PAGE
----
NACA submerged inlets

Three intakes on an engine cowling

The NACA duct or NACA scoop is a common form of low-drag intake design, originally developed by the National Advisory Committee for Aeronautics in 1945. When properly implemented, it allows air to be drawn into an internal duct, often for cooling purposes, with a minimal disturbance to the flow. The design was originally called a "submerged inlet," since it consists of a shallow ramp with curved walls recessed into the exposed surface of a streamlined body, such as an aircraft. It is especially favoured in racing car design.

Prior submerged inlet experiments showed poor pressure recovery due to the slow-moving boundary layer entering the intake. This design is believed to work because the combination of the gentle ramp angle and the curvature profile of the walls creates counter-rotating vortices which deflect the boundary layer away from the intake and draws in the faster moving air, while avoiding the form drag and flow separation that can occur with protruding inlet designs. This type of flush inlet generally cannot achieve the larger ram pressures and flow volumes of an external design, and so is rarely used for the jet engine intake application for which it was originally designed. However it is common for engine and ventilation intakes.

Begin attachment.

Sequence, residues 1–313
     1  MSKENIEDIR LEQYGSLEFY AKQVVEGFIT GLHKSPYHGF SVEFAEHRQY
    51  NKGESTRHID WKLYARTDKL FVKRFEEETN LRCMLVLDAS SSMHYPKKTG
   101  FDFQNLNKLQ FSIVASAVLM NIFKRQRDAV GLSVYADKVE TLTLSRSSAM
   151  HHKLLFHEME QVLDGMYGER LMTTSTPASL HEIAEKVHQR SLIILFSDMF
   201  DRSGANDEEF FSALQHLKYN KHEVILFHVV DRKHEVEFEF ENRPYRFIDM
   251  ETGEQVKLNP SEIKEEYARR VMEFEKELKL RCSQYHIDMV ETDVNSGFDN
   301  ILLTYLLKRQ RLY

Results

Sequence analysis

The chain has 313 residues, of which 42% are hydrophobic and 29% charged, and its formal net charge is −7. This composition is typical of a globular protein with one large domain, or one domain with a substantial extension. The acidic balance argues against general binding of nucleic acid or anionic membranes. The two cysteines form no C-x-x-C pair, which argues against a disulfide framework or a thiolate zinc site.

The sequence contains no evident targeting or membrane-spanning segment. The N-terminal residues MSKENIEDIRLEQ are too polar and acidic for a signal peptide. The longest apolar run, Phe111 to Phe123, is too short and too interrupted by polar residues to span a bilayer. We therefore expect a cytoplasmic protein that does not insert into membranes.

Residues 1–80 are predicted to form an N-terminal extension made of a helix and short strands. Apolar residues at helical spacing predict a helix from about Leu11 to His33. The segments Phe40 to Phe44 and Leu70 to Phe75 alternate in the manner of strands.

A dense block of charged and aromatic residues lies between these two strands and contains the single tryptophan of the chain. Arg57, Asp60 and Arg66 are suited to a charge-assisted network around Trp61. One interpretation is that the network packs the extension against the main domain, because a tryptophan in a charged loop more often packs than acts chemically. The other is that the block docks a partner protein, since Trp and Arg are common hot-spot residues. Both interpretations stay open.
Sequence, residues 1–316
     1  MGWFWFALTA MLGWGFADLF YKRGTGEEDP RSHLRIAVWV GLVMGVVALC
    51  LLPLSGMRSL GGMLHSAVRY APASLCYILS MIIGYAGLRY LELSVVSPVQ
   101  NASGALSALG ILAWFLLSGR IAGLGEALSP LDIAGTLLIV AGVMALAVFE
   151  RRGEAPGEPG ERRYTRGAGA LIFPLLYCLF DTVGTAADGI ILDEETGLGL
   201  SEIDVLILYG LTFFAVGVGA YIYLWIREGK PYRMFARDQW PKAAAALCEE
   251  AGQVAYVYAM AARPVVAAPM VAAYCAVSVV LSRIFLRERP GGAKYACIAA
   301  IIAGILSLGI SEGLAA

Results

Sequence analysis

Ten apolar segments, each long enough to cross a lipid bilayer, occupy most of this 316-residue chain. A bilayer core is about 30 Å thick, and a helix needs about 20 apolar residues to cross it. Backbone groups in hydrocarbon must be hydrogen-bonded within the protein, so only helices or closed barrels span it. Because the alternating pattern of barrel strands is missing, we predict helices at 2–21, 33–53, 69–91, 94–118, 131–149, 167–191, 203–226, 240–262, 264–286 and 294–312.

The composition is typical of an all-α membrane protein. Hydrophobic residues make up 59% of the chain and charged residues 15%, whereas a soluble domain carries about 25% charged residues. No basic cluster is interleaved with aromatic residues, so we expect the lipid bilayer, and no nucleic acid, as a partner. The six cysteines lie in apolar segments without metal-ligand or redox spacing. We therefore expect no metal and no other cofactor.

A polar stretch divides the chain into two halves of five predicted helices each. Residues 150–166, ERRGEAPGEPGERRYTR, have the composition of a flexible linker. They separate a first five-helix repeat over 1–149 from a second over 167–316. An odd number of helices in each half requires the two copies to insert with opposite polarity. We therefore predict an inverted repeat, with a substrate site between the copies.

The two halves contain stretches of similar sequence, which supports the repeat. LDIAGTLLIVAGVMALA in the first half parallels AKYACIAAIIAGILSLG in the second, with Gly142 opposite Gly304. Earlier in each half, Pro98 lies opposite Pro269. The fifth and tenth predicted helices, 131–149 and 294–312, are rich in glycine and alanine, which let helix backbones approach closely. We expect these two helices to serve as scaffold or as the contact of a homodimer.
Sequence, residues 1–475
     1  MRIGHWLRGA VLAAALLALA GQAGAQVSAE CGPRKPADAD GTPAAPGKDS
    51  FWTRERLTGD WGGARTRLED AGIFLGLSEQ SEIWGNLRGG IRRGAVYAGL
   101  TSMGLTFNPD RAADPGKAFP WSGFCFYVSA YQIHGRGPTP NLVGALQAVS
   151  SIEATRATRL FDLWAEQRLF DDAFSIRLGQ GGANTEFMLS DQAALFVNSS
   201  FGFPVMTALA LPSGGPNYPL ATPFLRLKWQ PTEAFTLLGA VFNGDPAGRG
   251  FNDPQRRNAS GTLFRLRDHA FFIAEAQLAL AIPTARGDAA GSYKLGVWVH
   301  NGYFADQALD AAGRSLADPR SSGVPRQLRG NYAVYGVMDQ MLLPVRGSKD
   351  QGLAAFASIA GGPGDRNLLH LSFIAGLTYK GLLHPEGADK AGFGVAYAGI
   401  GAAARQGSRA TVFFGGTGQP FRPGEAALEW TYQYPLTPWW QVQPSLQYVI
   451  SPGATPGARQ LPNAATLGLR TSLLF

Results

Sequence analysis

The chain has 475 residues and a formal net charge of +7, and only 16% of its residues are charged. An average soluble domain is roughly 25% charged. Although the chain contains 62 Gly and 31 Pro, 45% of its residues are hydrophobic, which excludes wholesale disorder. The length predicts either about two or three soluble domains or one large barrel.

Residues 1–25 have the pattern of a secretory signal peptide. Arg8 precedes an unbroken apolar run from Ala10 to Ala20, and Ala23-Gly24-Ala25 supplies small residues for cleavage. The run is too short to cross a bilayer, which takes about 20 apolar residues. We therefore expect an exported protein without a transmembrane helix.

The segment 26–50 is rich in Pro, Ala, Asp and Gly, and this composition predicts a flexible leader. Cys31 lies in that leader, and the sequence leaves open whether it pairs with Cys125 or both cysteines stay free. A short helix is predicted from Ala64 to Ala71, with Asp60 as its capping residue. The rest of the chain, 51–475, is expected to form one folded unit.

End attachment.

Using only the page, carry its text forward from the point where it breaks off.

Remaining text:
• Frick, Charles W.; Davis, Wallace F.; Randall, Lauros M.; and Mossman, Emmet A.: An Experimental Investigation of NACA Submerged Duct Entrances NACA ACR 5I20, 1945.

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